It was probably sometime in the 1700s that the word “Onanism” first came into use, referring to an act like Onan’s: ejaculating outside of the female, or masturbating which leads to spilled, or “wasted” semen, rather than using it for procreation. This was something that G-d found to be evil, and He put Onan to death.
What did Er do to deserve death? According to Rashi, the Torah‘s use of the word “also” when describing Onan’s death, suggests that he was guilty of the same crime as Er. Since we know what Onan did, we can therefore conclude that Er, too, was guilty of “Onanism.” What was Er’s excuse for not inseminating Tamar? Rashi offers that Tamar was so very beautiful that Er did not want to mar her beauty by making her pregnant.
Now, on a personal level, I find this difficult to relate to. From my perspective, pregnancy only enhances a woman’s beauty and eroticism on so many levels. Pregnancy evokes and highlights all that is feminine: the curves, the fertility, and the deep nurturing power that all women possess inside – in addition to the obvious symbol of sexually activity. Nor does a woman lose that beauty postpartum. Whatever changes to her body were wrought by the pregnancy are erotic battle scars; signs that she has experienced the purely feminine experiences of pregnancy and childbirth. To me, these diminish her beauty not at all.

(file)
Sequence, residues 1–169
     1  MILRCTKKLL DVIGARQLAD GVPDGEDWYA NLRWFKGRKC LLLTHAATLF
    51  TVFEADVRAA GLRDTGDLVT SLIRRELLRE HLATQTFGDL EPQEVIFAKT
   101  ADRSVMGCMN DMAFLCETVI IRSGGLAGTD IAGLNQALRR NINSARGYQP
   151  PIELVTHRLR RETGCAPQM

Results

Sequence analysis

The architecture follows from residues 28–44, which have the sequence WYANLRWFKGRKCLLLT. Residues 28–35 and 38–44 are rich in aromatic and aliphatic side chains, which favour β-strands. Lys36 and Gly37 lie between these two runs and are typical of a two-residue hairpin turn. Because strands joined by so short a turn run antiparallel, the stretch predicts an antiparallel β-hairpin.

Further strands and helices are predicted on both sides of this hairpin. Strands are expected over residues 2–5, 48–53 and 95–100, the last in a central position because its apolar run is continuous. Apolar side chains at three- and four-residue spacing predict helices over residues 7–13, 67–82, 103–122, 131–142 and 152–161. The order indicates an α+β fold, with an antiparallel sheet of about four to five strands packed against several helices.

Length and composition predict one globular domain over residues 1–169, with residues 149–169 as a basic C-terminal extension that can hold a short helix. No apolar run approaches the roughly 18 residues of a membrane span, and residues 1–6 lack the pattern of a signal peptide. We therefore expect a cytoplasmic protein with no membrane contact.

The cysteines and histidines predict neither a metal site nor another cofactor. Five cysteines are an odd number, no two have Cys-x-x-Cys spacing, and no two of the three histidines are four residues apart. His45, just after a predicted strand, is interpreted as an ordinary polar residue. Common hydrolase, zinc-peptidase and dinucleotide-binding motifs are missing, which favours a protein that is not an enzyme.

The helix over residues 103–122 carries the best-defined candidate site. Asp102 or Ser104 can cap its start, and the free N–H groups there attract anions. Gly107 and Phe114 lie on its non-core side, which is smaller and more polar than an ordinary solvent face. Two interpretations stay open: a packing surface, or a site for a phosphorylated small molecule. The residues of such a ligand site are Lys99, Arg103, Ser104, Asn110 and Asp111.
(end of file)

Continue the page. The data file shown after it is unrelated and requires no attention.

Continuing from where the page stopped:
However, it does appear to have been a common belief in those days that pregnancy and beauty were inconsistent with one another. Thus, when we are first taught that Lemech had two wives (see Genesis, 4:19), Rashi tells us that “so was the custom of the generation of the Flood, one [wife] for propagation and one for marital relations. The one who was for marital relations would be given a potion of roots to drink, so that she should become sterile, and he would adorn her like a bride and feed her delicacies, but her companion was neglected and was mourning like a widow. This is what Job explained (24:21): ‘He feeds the barren woman who will not bear, but he does not adorn the widow.'”
Er must have similarly felt that Tamar’s beauty should not be tampered with, and refused to inseminate her.